Childhood myopia or short-sightedness in Singapore can be inherited by children with parents or grandparents that are short-sighted or have myopia. For the longest time, we have been looking for ways to do away with our spectacles or contact lenses through LASIK and other refractive procedures.
Personally, as an eye doctor, I strongly suggest focusing instead on how to slow down the progression of myopia rates in our children through teaching eye care in Singapore.
Why let our eyes get hurt with myopia then go fix it? Isn’t it better to just prevent childhood myopia in the first place?
When our eye is constantly called upon to focus on near objects – such as when reading, using our electronic devices, our eye muscles are in a contracted state which send signals to our eye to grow and elongate. This causes the eye to soon grow into a myopic length and develop myopia. We will then require the use of spectacles, especially in children.
Childhood Myopia > 500 Degrees Can Lead To BLINDNESS
High myopia among children in Singapore is also dangerous because it leads to multiple complications later in life. Singapore has one of the highest myopia rates in the world — 10% of kindergarten school children, 60% of school children from Primary 6 (12 year olds!) and 80% of people from 18 years old have myopia or poor eye vision. Furthermore, myopia progression tends to increase rapidly for children between 5 to 15 years old in Singapore. Myopia usually stabilises in their early twenties.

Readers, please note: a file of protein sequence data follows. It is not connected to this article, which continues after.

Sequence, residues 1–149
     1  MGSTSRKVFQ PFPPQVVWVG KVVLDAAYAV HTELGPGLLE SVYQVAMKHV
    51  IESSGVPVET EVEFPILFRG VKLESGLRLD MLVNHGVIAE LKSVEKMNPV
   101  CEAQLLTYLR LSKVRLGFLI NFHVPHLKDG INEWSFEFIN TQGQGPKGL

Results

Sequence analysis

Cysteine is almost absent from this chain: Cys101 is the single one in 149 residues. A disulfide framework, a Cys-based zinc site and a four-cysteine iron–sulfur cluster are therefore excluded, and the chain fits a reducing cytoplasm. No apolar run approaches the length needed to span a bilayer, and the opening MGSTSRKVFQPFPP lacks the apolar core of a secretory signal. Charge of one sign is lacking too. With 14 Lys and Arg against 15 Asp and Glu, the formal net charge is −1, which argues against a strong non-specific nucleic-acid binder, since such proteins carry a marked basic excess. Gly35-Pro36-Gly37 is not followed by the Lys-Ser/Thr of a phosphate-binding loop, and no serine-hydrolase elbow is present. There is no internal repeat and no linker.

The higher the myopia, the more likely myopia complications will arise. In myopia, our eyeball is elongated and stretched out causing areas of retinal thinning in both central and peripheral areas. Central retinal thinning from myopia may result in areas of cell loss or atrophy, leading to decreased central vision. Thinning can also lead to cracks in our retina from which abnormal blood vessels bleed into the retina. This is why it’s so important to prevent the early onset of eye conditions like myopia among children in Singapore!
In the periphery, retinal thinning leads to retinal tears and holes which may eventually result in retinal detachment or macular degeneration. Macular degeneration may lead to vision loss even if repaired surgically.
Even in cases of low to moderate myopia progression, there is still an increased risk of eye conditions like cataract formation, glaucoma and epiretinal membranes among children in Singapore. All of which require early detection and surgical intervention to prevent high myopia progression and visual loss among children in Singapore.
The way I see it, the best way to avoid these complications later in life for children is to prevent the onset of myopia and slow down myopia progression by ensuring good eye care and eye health among in Singapore.
Cut Your Child’s Myopia by 50% in Singapore
Did you know that there’s actually a clinically researched eyedrop that can slow down short-sightedness and the myopia rate of children in Singapore? In Singapore, while there is no cure for myopia, these myopia prevention atropine eyedrops have been put in place under the National Myopia Prevention Programme in Singapore since the 1990s. Studies have shown that these eyedrops slows down the progression of myopia in children by 80! Many of my patients and parents don’t know about this, and I’m always trying to spread the word. There’s more info at my clinic website.